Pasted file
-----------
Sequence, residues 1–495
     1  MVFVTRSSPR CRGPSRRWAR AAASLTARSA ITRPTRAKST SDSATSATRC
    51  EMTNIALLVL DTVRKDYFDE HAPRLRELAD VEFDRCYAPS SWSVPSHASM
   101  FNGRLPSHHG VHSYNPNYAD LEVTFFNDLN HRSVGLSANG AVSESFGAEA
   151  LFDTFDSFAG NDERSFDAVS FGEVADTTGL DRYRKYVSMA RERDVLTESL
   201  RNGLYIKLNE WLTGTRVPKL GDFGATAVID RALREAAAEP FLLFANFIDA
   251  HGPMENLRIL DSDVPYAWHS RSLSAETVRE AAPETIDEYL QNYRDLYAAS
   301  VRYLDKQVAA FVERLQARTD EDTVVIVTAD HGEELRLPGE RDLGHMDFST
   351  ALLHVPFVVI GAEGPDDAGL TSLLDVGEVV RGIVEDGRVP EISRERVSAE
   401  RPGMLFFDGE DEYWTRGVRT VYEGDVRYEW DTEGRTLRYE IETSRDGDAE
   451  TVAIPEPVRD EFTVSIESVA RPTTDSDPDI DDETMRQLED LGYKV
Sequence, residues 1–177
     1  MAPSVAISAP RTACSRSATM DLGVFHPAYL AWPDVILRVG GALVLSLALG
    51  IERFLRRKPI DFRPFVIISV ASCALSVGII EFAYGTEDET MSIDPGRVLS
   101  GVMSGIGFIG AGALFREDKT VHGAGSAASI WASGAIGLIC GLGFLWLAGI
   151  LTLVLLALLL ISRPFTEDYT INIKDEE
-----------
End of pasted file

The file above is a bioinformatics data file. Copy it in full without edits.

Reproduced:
Sequence, residues 1–495
     1  MVFVTRSSPR CRGPSRRWAR AAASLTARSA ITRPTRAKST SDSATSATRC
    51  EMTNIALLVL DTVRKDYFDE HAPRLRELAD VEFDRCYAPS SWSVPSHASM
   101  FNGRLPSHHG VHSYNPNYAD LEVTFFNDLN HRSVGLSANG AVSESFGAEA
   151  LFDTFDSFAG NDERSFDAVS FGEVADTTGL DRYRKYVSMA RERDVLTESL
   201  RNGLYIKLNE WLTGTRVPKL GDFGATAVID RALREAAAEP FLLFANFIDA
   251  HGPMENLRIL DSDVPYAWHS RSLSAETVRE AAPETIDEYL QNYRDLYAAS
   301  VRYLDKQVAA FVERLQARTD EDTVVIVTAD HGEELRLPGE RDLGHMDFST
   351  ALLHVPFVVI GAEGPDDAGL TSLLDVGEVV RGIVEDGRVP EISRERVSAE
   401  RPGMLFFDGE DEYWTRGVRT VYEGDVRYEW DTEGRTLRYE IETSRDGDAE
   451  TVAIPEPVRD EFTVSIESVA RPTTDSDPDI DDETMRQLED LGYKV
Sequence, residues 1–177
     1  MAPSVAISAP RTACSRSATM DLGVFHPAYL AWPDVILRVG GALVLSLALG
    51  IERFLRRKPI DFRPFVIISV ASCALSVGII EFAYGTEDET MSIDPGRVLS
   101  GVMSGIGFIG AGALFREDKT VHGAGSAASI WASGAIGLIC GLGFLWLAGI
   151  LTLVLLALLL ISRPFTEDYT INIKDEE